Omar: “Difficulty” is really something that depends on the game experience you’re trying to deliver. But in general you want to provide a rewarding experience that a player feels she earned. The challenges in a game often scale over time as the player progresses (ie: gets better, levels up, etc.) The most important question becomes, “Is this a fun experience?” The “difficulty” is part of that but not the end-all-be-all.
Q2. Is there any science/math behind how many times a player will be willing to fail before they give up?
Omar: There’s a more general concept around what’s called “player fatigue.” This is an issue where players literally get tired of playing. I’ve played plenty of games that required as much as 100-hours of play, or even 1000+ hours for MMO’s, but they did an excellent job of rewarding me so that it offset fatigue. The mechanics were well-understood and so were the benefits. Failure should inform a player for their next attempt in the pursuit of an end goal they wish to achieve. If there’s no learning from failure and no tangible, well-understood goal, then players will quit.
Q3. You have worked on games across platforms. Have you noticed changes to a player’s willingness to fail based on the platform? Say console gaming vs. social media gaming?
Omar: It’s more a matter of game genre than platform, although in the case of social games they are currently one in the same. Still this is more to do with player fatigue and the driving mechanics. What is well-known is that player life-cycles are much shorter on social games than hardcore games. This is partly to do with the nature of the content and how quickly it can be consumed. Social games tend to let a player consume as rapidly as they want so long as they manage “energy” via real world purchases. Hardcore games tend to require real-time commitment as the gate to consumption.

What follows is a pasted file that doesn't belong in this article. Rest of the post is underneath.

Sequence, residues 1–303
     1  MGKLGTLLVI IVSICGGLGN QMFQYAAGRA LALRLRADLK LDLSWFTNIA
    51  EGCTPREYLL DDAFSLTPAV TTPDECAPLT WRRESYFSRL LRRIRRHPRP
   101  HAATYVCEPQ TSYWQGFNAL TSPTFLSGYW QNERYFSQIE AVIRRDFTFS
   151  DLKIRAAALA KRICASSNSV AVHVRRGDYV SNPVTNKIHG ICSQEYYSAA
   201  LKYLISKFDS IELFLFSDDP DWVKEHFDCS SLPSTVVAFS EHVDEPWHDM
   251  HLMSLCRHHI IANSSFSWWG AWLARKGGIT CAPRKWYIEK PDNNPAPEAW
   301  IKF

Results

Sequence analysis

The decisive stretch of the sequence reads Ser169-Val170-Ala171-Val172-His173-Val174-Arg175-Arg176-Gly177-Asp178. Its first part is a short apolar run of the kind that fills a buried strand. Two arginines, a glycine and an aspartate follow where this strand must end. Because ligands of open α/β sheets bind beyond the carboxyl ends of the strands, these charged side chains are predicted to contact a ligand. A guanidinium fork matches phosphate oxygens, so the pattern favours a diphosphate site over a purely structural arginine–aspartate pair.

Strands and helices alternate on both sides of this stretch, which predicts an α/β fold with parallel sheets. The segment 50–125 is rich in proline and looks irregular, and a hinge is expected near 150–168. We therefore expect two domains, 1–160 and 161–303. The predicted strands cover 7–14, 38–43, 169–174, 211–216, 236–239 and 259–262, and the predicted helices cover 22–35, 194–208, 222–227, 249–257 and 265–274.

Q4. I vividly remember “failing” hundreds of times trying to beat Mike Tyson on the Nintendo game Punch-out. What game have you failed at most often?
Omar: So a long a time ago, video games had no “saves.” You either beat the game entirely or started over. And still they were fun. Games today are not necessarily harder but the amount of content has dramatically increased, the amount of information to manage has dramatically increased and there are often several core mechanics to learn. Because of that, you need to give players a break by letting them save their progress to continue at a later date. A game called “Demon Souls” released a few years ago that went back to the “no saves” day and was remarked as one of the most difficult games ever. Personally, one series I absolutely love is Portal by Valve. There are two games in the series, Portal 1 and Portal 2. They are puzzle-based shooters that challenge players to find their way out of locked rooms controlled by a sarcastic AI called GLaDOS. I definitely “failed” a lot trying to find the solutions to each room. But I kept playing over and over until I reached the end of each game. The stories helped drive me as I discovered more of the plot lines and got to know the characters better as I solved each puzzle. Brilliant game!
Food for thought: